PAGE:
One should look at all the items under 'Current Assets' critically. Inventories and debtors should increase in proportion to increase in sales. If the rates of increase are higher than increase in sales, it is a warning sign. 'Loans and advances' is a prime area of siphoning off cash. Who are the loans and advances being given to, and when are the likely repayments? Check the schedules to and notes on accounts to find answers.

@scorpio: Thanks for the kind words.

Piyu said...

Hi Shubhankar, I intend to pursue research in the area of investor communications. In light of the new ruling about reports being allowed to be distributed on the virtual medium, what would you say are some of the problem areas vis a viz the communication itself? obviously no more can corporates hide behind the veil of the misplaced-in-transit excuse. well, that's a technicality anyway. But what about the 'talk' itself?
How do you envision consultancies and agencies that claim to specialise in the preparation of this document word their wares differently?

Subhankar said...

Corporate communications, including investor communications, is mainly a PR exercise. Very few companies 'bare their souls' to their investors. Infosys may be a lone exception.

Most companies have web sites nowadays that publish annual and quarterly reports, as well as news items and press releases regularly. So, the days of hiding behind 'lost in transit' are over.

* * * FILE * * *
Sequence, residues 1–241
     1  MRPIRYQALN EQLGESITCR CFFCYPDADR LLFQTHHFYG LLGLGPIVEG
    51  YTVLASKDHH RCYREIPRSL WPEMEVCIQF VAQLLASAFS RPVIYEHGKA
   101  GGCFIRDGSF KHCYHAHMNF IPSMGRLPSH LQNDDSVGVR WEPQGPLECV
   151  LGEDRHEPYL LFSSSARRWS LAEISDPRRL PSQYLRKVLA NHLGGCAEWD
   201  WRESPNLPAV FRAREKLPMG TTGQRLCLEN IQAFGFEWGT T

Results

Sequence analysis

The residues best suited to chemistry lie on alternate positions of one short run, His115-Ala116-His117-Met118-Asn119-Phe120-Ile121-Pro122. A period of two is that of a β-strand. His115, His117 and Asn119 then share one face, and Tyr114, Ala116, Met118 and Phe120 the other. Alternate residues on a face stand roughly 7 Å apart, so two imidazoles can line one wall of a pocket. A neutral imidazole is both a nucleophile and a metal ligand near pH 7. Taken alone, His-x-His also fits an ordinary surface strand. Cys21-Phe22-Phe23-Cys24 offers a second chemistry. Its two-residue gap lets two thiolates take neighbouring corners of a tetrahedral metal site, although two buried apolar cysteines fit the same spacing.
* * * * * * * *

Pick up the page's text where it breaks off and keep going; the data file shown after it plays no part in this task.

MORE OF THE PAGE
Digital communications have definitely helped investors to access information quickly - but it hasn't led to greater corporate transparency yet.

Consultancies and agencies that prepare communication content don't have much role in the 'what' - only in the 'how'. Last year's award-winning Annual Report of Temptation Foods is a classic example of a junk company trying to cover up their woeful performance with a visually dazzling and over-the-top document.

Piyu said...

I can't help being amused. The 'consultancy' that prepared the past two years' Temptations reports was my last employer. :D
The CEO got me interested in the whole business of annual report making, but put me off with the phaffing.
What also puzzled me was the fact that despite all the hullabaloo about accelerating transparency, the jargon wasn't even attempted to do away with, because of the timelines and pressure of so many clients... legalese seems to come handy in camouflaged disclosures, doesn't it?

Subhankar said...

It's a small world, Piyu!

I've met the CEO and found him to be enterprising and a go-getter. His team is young and energetic - but he needs to keep his clients happy, so the contents depend on what clients want to communicate.

Most companies are caught between a rock and a hard place. If they reveal the facts, no one may buy their products or shares. If they don't reveal enough, they are accused of lack of transparency and governance.